30 Under 30 2024

The Tastes of the Monsoon

Different parts of India celebrate the rain with their unique dishes

Published: Jun 25, 2014 06:31:05 AM IST
Updated: Jun 25, 2014 04:12:31 PM IST
The Tastes of the Monsoon
Image: Getty Images

GUJARAT / Dal Vadas
It’s almost ritualistic for Gujaratis to welcome monsoon with hot dal
vadas. The queues at local stalls (mostly outside colleges) in Ahmedabad symbolise the season as much as the menacing rain clouds. If your mother objects to you eating outside (given the overflowing gutters next to the shops), cook these rounds at home. Simply combine moong dal, green chillies, ginger and garlic and then deep-fry them. Ta-da! Your very own hot dal vadas are ready to eat.

We could tell you how an onion crop bounty in Maharashtra signals abundant rainfall and good news for the country’s economy. But who wants to get into such dreary details when you have a plate of crunchy kanda bhaji (onion fritters) to bite into and a cup of piping hot tea to go with it? If you can take the heat, dip it in green chilli chutney; for those who want to tone down the spice, there’s tomato ketchup.

The Tastes of the Monsoon
Image: Getty Images
WEST BENGAL / Ilish And Khichuri
It’s the only time of the year when Bengal’s famous ilish-chingri (hilsa-prawn) divide is bridged. Even the prawn loyalists root for this ‘macher raja’ (the king of fish) during the monsoon, when the adult hilsa swims upstream from the sea into the river to spawn. Flavoured with a variety of condiments, this fish can be savoured in any form you like: Smoked, fried, steamed or baked. If you are feeling lazy, just fry it in mustard oil and pair it with a plate of piping hot khichuri.

This rare variety of mushrooms is synonymous with the rains in Jharkhand. Its popularity can be gauged from the fact that scientists are planning to produce this one-season wonder on a larger scale. Some say that when cooked in gravy, it can beat a sumptuous meat delicacy in taste. Try it out and be your own judge.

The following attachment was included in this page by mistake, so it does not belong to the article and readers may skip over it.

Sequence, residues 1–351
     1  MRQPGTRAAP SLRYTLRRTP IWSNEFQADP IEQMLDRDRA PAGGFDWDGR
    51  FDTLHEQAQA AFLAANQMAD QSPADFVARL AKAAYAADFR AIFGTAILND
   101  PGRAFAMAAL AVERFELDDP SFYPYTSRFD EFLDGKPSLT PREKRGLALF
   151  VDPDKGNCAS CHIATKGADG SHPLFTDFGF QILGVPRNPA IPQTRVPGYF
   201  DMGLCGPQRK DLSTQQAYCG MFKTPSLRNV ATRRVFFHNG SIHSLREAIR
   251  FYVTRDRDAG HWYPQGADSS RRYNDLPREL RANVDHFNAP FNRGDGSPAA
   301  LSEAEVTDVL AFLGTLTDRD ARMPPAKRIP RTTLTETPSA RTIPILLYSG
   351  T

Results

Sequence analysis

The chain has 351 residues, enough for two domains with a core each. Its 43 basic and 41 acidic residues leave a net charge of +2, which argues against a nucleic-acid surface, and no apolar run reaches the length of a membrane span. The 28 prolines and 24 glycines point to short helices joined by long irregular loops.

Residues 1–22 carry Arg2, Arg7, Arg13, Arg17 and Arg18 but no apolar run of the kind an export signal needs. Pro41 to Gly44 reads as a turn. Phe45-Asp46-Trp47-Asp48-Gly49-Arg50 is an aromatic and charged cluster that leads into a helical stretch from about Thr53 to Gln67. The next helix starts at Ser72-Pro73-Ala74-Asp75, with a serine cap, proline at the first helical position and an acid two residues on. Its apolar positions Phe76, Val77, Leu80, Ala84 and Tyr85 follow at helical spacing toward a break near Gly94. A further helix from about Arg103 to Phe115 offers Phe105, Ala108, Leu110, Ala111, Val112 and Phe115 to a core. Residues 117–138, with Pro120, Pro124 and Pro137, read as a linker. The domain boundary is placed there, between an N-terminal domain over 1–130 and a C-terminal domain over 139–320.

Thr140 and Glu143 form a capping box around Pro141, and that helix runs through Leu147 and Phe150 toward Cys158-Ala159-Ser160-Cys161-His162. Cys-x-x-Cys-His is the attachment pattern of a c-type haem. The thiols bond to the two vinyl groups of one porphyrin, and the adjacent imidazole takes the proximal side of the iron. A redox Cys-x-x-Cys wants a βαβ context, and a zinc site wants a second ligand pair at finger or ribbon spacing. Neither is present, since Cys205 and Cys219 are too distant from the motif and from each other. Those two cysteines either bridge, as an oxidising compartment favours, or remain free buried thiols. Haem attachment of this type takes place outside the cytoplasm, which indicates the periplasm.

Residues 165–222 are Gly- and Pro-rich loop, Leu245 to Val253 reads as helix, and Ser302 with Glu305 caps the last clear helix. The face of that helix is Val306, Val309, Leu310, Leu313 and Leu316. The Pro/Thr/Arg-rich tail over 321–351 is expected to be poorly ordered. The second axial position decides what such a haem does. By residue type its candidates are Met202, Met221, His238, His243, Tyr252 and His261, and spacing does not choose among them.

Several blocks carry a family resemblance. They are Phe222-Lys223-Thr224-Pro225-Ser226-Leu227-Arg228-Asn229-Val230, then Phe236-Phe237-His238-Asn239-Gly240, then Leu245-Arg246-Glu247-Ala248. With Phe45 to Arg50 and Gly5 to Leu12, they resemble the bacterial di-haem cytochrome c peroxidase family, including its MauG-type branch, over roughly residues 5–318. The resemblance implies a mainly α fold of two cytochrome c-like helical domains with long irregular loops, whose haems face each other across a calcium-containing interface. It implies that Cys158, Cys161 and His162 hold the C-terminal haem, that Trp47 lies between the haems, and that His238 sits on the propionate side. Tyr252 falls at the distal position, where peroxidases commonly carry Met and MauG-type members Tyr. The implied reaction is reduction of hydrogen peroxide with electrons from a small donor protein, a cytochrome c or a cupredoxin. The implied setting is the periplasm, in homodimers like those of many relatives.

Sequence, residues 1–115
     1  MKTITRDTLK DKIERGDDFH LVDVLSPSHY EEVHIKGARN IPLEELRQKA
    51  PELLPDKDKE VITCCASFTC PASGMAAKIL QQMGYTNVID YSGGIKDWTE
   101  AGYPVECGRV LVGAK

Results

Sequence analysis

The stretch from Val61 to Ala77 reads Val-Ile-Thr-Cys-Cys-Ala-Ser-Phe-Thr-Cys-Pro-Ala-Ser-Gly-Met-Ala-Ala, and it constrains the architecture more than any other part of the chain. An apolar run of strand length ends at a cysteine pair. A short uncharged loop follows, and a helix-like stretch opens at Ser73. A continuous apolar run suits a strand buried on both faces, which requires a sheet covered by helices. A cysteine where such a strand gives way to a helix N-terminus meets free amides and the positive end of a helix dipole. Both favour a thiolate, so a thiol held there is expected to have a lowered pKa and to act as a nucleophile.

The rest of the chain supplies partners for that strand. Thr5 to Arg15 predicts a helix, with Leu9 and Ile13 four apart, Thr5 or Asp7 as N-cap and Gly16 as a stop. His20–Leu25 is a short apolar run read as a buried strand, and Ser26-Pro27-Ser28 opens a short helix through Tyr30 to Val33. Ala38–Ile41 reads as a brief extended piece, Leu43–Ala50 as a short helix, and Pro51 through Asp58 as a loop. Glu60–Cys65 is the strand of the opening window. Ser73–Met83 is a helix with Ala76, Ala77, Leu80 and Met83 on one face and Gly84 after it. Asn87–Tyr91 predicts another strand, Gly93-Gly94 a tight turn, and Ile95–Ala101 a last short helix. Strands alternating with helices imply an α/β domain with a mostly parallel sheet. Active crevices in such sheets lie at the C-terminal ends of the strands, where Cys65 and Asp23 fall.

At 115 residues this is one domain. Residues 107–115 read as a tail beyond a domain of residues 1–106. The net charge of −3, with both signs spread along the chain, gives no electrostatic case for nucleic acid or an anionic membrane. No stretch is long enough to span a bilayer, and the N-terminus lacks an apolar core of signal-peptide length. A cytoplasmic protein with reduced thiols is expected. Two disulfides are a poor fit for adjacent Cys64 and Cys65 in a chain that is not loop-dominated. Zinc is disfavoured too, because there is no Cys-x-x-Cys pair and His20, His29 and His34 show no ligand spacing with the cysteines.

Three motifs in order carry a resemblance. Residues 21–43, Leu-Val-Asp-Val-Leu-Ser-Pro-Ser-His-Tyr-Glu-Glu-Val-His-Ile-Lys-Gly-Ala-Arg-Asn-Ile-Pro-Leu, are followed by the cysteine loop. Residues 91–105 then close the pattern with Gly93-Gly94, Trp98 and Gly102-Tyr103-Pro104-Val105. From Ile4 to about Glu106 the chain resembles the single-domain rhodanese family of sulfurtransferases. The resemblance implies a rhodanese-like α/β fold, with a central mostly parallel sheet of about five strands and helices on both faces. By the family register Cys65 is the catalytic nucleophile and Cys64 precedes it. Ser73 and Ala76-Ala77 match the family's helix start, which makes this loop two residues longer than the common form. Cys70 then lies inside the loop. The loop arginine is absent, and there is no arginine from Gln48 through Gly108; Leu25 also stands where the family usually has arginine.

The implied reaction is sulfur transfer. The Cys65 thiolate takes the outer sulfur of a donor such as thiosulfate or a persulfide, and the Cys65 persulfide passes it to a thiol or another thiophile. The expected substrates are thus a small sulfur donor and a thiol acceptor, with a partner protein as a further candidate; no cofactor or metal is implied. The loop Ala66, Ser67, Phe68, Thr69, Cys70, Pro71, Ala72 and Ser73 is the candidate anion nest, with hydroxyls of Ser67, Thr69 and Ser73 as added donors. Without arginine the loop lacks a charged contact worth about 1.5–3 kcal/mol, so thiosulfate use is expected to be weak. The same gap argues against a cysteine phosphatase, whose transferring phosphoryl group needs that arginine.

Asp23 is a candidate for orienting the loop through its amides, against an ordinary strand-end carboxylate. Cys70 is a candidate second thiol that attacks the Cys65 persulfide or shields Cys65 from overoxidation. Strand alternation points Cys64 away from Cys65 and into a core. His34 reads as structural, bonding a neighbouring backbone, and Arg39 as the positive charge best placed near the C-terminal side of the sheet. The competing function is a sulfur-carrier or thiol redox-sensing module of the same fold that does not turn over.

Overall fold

The Tastes of the Monsoon
Image: Indiapicture
If there is one thing that brings all north Indians together, it would be their trip to the street vendor to eat bhutta during the monsoon. Everyone gets their corn on the cob customised to their taste, playing with the chili powder-to-lemon-to-salt ratio. Grab your rain gear and venture out in the pelting rain to locate your closest push-cart corn-man.

North East / Poita Bhat/Soh Phe
Despite the torrent that the North-East faces (Mausinram and Cherrapunji in Meghalaya are two of the wettest places on earth), no one is complaining. Assam friends tell us they swear by poita bhaat (fermented rice porridge), which goes easy on the stomach. In Meghalaya, they look forward to Soh Phe—a spongy, green fruit—eaten with a mix of salt and ground chilli.

The Tastes of the Monsoon
Image: Sivaram V/ Reuters
KERALA / Marunnu Kanji
Keralites rejuvenate their bodies and minds in monsoon with Marunnu Kanji, a medicinal porridge made by cooking njavara rice with cow’s milk, coconut milk and a variety of herbs and spices. It can be garnished with jaggery and shallots sautéed in ghee.

(This story appears in the 27 June, 2014 issue of Forbes India. To visit our Archives, click here.)

Post Your Comment
Required, will not be published
All comments are moderated